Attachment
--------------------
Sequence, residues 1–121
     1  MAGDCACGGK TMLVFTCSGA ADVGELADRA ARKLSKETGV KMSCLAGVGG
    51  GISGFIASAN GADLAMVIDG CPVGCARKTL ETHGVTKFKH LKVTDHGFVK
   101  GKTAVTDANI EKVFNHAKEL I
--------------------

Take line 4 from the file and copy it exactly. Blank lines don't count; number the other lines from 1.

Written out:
   101  GKTAVTDANI EKVFNHAKEL I